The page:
So has your acquirer/merchant bank has asked you to complete a Self-Assessment Questionnaire (SAQ)? Are you confused which SAQ to complete? Don’t know where to start?
… Don’t worry. You’re not alone!
Since PCI DSS 3.0, there has been further SAQs introduced, which can add further confusion.
In the beginning…
A lot of merchants do not realise why their acquirer is asking for your SAQ. So let’s recap a little behind the scenes of what is going on, so you, as the merchant have a little more insight into the reasons why SAQs are being asked for.
As a merchant, you have agreed a contract with your merchant bank (the “acquirer”). Somewhere in that contract it is likely to state you will satisfy/maintain PCI DSS compliance.
It’s a FINE time… don’t you think?
Acquirers must report on a frequent basis the security position of all their merchants to the payment brands (VISA, MasterCard, JCB, Discovery and Amex). If they cannot report this security position to the brands, then your acquirer may receive a financial penalty (basically a big fine). So hopefully you can see that it is your acquirer’s best interest to get this information from you to avoid the fine!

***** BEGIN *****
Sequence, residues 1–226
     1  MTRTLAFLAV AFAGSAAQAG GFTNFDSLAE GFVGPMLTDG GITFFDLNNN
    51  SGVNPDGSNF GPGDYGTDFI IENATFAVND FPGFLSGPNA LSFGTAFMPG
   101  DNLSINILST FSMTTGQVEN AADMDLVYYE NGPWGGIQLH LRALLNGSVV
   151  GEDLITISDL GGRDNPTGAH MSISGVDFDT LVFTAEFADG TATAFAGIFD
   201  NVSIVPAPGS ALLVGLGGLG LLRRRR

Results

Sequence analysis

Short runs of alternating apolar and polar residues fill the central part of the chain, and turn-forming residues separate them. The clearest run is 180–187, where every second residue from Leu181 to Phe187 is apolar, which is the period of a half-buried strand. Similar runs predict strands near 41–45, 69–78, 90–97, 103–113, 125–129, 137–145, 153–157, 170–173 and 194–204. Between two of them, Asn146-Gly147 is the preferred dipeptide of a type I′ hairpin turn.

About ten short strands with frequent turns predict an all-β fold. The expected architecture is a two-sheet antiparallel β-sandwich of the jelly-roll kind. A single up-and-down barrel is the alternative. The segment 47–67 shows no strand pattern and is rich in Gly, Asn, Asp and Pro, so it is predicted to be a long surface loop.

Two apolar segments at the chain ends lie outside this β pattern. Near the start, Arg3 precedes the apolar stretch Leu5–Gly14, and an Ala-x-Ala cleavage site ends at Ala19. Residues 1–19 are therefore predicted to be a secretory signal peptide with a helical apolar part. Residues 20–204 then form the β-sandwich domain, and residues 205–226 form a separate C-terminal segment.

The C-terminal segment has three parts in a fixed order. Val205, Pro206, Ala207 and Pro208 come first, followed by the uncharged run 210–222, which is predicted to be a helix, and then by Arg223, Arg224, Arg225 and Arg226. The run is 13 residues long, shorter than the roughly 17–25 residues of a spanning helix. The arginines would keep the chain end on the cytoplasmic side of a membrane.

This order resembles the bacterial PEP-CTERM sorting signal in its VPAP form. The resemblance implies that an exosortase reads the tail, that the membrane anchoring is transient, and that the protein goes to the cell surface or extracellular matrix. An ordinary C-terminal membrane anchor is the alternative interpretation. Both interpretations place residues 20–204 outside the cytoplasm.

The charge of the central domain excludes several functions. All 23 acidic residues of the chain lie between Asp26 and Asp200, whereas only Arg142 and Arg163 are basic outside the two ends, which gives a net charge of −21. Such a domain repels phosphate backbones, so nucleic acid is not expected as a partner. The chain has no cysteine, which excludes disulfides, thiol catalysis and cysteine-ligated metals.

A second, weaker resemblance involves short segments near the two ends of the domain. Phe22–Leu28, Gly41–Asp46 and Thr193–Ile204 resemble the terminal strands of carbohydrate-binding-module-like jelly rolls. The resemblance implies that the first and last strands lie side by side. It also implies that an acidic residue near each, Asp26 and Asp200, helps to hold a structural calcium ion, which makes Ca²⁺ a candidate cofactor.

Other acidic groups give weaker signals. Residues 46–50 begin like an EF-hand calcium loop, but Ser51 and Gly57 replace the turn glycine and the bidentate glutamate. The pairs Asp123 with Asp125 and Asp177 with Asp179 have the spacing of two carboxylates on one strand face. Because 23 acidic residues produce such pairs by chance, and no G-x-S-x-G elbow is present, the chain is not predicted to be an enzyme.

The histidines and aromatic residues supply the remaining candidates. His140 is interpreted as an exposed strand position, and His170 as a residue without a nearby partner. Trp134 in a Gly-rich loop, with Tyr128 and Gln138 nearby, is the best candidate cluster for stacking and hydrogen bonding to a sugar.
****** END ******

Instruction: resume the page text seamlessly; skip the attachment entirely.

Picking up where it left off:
Payment Brand >>> Acquirer >>> Merchant
Your acquirer may have a right to pass this fine onto you, the merchant and therefore you may have had warning letters to say you must report your status, otherwise you may get fined. Does this sound familiar?
So hopefully you can see the first problem – your acquirer does not know your security posture. To do this, you must complete your SAQ, which reports to them your security posture – in short, how PCI DSS compliant you are. The second question is which SAQ are you eligible for? We discuss them below.
HINT: The main risk is to processing, storing or transmitting of cardholder data electronically. This means cardholder data traversing electronically through your networks and therefore the more that you do electronically over your network, the harder is the SAQ. If you store cardholder data electronically, then this data is at a higher risk of being stolen – if you store cardholder data electronically, go to SAQ D (if you are eligible to fill out a SAQ).
SAQ A – “the outsourcing model”
In short, this applies to Card-Not Present (CNP) merchants (e-Commerce or mail order/telephone order) who have fully outsourced ALL cardholder data processing functions to a PCI DSS compliant service provider. This means you do not process, store or transmit any cardholder data at all on your merchant systems or merchant premises.
Examples may include:
- Football clubs who have outsourced all payment functions to a call centre or other third parties to take payment.
- An online store who has outsourced all online payment functions to a PCI DSS compliant service provider*.
* Be careful as it could be SAQ A/EP depending on how it is processed online – ask your acquirer or a Qualified Security Assessor (QSA) for help.
SAQ A/EP – “Payment taking outsourced, but we host the website bit”